These steps are equally applicable to organising events or moderating panel sessions:
- Agree the topic - Hopefully, this will be based on your speaking proposal. However, some conferences (e.g. The Open Group Conference) have a pretty well informed audience which sometimes make it a mutual learning experience, especially in 'hands-on' style workshop sessions. Whatever you do, try to avoid overt product pitches as these can be a major turn off for audiences & organisers.
- Session formats - This depends on what you’ve been allocated. Session formats are typically proposed ahead of time by the event organiser. Some common event session formats include: Keynote address / multi-speaker & panel sessions / hands-on workshops / informal networking (including with vendor stands and/or exhibitions).
- Presentation format / Q&A - This is typically based on personal preference. I normally use PowerPoint slides, and often split the session 70/30 between presentation and Q&A. If you’re more comfortable doing both simultaneously then let the audience know either way. Some more adventurous souls may also include live demos and / or just straight 'chalk and talk'.
- Audience - Obviously, try to modulate your message to match the audience. Attendees at IT conferences typically work in IT (or related fields/industries), and can be a little tough to impress, but I find asking questions and facilitating exchanges usually helps to keep them engaged.
- Timing & logistics - This needs to be agreed beforehand with organiser. Time and duration are crucial to overall presentation flows, hence organisers can get a bit miffed at overly long sessions.
- Marketing & comms - Suggest giving a heads up to your marketing and comms teams for any relevant marketing support / steers. They may even provide promotional materials, but do check with the event organiser that it’s ok to bring and share such items. Furthermore, your marketing team can also help promote the event via their usual channels and via social media e.g. blogs / Twitter / LinkedIn etc.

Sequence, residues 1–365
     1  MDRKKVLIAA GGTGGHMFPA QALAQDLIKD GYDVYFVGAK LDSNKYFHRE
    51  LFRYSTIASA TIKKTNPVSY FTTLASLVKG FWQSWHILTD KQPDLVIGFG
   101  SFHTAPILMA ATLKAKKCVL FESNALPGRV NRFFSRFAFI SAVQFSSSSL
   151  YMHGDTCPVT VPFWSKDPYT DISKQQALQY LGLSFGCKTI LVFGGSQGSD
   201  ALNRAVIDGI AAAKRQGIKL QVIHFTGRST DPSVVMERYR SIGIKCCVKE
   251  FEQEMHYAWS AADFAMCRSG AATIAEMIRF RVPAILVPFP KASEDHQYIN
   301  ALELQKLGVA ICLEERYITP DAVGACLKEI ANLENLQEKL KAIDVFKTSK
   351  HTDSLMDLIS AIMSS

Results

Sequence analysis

- Feedback & follow up (post-event) - This can often be overlooked, but it's very useful to bear in mind when networking. LinkedIn is a useful tool for managing contacts / follow-ups / promoting your participation at the event. Some organisers also provide session feedback post-event - a glowing recommendation helps to keep the speaking engagements flowing!
In conclusion, if like me you have a masochistic yen for public speaking, then the above tips and guidelines should help make it a little easier (but not necessarily any less painful) to do. In any case, good luck, and remember to have fun!
About the author
Jude Umeh is a trusted advisor and digital innovator with track record of helping clients identify and define forward-looking business / technology strategies to capitalise opportunities and adapt to the challenges of the fourth industrial revolution. A published author and Thought Leader in Digital Content and Rights Management, Jude currently works at Salesforce, in Advisory Services, he is a Fellow of BCS, Chartered Institute for IT (FBCS), and Liveryman at the Worshipful Company of Information Technologists, All opinions are his own.